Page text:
Sunday, March 28, 2010


A former student of ours posted this ridiculous video on Facebook today. If you don't have time to watch it, it pitches a "sidewalk management plan," which proposes a 6' - 8' "pedestrian use zone" in which pedestrians "must move immediately to accommodate the multiple users of the sidewalk." Importantly, the zone measures out from the property line, ruling out leaning on (or sleeping on) buildings.

As this former student points out, this is a really pathetic, barely disguised attempt to rid Portland of homeless people.

But also: a sidewalk management plan in downtown Portland? Such a plan isn't needed on the sidewalks of midtown Manhattan; what, beyond the "homeless problem," would justify one in relatively serene downtown Portland? According to the resolution the problem is that "people and bicycle racks, signal controller boxes, drinking fountains, fire hydrants, parking meters, transit shelters, light poles, mail boxes, telephones, retail and commercial doorways, garbage cans, newspaper boxes, benches, permitted carts and cafés, “A” board signs and public art among other items must share sidewalks that can range from five to fifteen feet wide."

The problem, that is, is that downtown Portland fulfills the function of a good city street: it is a dense urban space, where lots of different programs are forced to negotiate with each-other. Isn't Portland supposed to be progressive? The great William Whyte is rolling in his grave.

Sunday, March 21, 2010


On my walk from office to home today, I felt compelled to document what we might call "spill." Different programs obviously differ on the inside, but they also "spill" differently: firehouses, parking garages, supermarkets, restaurants, bars, physic shops, and Italian ice purveyors all create unique social spaces when their private, interior programs spill out and intersect with the public life of the street. Bar spill, for example, usually takes the form of a designated smoking zone, where different people might come together who otherwise might not. Firehouses, as evidenced by the photographs below, create a friendly space of encounter for parents, their curious children, and the firefighters.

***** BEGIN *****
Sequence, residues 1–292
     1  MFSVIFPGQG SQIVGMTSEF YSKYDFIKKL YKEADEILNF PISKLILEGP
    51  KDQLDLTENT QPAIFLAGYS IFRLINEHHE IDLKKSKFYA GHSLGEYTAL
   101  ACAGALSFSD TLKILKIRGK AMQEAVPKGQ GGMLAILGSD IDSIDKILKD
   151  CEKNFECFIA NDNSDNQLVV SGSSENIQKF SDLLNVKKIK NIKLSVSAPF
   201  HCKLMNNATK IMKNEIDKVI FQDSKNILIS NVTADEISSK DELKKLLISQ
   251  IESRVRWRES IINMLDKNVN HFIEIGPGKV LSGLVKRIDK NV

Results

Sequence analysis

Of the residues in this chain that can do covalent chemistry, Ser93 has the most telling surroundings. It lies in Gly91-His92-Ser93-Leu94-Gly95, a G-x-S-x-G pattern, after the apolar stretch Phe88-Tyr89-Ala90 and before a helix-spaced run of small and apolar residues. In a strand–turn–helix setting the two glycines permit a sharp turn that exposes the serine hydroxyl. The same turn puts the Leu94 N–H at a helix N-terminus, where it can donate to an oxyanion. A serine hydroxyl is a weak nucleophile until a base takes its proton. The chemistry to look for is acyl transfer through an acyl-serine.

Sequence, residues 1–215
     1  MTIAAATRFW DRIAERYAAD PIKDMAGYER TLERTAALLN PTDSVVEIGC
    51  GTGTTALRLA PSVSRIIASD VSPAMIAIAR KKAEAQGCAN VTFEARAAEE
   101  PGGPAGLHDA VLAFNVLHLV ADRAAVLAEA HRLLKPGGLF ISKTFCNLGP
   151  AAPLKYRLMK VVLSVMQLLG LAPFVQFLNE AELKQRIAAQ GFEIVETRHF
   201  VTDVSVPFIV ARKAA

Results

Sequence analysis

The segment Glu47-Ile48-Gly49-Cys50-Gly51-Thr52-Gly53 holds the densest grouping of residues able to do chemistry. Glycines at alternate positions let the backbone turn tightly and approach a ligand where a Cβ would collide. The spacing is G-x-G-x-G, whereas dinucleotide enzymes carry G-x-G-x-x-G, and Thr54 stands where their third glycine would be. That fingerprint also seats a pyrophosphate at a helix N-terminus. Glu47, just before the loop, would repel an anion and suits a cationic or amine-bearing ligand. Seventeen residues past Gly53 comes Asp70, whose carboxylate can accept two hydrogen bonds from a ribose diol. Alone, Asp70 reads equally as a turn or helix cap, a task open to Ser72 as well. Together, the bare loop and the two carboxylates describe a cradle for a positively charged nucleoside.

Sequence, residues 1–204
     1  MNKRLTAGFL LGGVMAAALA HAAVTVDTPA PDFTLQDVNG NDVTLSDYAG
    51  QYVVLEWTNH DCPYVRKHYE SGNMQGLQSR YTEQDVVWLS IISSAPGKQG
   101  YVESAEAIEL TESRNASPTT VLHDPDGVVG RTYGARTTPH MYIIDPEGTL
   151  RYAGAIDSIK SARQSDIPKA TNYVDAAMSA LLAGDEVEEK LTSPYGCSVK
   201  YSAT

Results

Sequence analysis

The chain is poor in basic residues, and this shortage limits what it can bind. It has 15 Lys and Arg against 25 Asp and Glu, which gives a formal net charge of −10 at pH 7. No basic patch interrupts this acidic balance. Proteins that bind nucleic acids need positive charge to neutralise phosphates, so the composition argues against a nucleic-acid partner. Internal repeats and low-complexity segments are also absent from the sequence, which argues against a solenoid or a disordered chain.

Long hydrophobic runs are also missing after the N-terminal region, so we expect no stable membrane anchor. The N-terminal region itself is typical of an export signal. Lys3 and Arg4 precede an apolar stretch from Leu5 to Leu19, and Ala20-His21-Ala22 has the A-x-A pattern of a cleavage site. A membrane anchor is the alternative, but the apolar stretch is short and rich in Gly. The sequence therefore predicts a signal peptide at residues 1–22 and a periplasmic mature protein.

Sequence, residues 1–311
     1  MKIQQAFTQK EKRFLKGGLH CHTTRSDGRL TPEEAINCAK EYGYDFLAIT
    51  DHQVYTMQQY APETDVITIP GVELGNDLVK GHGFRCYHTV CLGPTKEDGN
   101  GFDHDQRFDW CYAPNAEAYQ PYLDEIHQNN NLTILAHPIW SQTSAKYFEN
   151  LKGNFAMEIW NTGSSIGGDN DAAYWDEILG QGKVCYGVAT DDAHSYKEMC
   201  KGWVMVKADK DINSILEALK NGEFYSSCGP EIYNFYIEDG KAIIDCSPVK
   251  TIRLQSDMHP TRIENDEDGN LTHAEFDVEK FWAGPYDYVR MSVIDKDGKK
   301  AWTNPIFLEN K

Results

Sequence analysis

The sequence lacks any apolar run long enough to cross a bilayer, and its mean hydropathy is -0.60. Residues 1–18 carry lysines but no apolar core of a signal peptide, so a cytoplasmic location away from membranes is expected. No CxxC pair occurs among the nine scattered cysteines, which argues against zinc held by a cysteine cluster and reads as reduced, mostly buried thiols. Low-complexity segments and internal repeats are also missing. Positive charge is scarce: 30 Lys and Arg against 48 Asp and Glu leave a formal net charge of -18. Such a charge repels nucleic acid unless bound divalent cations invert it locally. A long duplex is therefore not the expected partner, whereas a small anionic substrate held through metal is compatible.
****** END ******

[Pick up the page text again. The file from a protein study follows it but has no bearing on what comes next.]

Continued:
For the most part, spill is a good example of how a space can be made without architecture (since the space is really the product of the intersection of two programs). However, architectural accoutrements can sometimes exaggerate this intersection of private and public. As an example, consider the apartment canopy. In Celluloid Skyline, James Sanders analyzes a scene from the film Butterfield 8, in which a woman (Emily Liggett), exits a cab and journeys "from curbstone to doorway." Sanders writes that "this piece of sidewalk is already home. . . For a moment, two paths have crossed at right angles: the stream of public life running the length of the sidewalk and the short domestic path set perpendicular to it, from curbstone to doorway." As Sanders points out, it is the canopy alone that makes this crossing possible, "this place where a single plot of ground has two completely distinct meanings as different as home and city."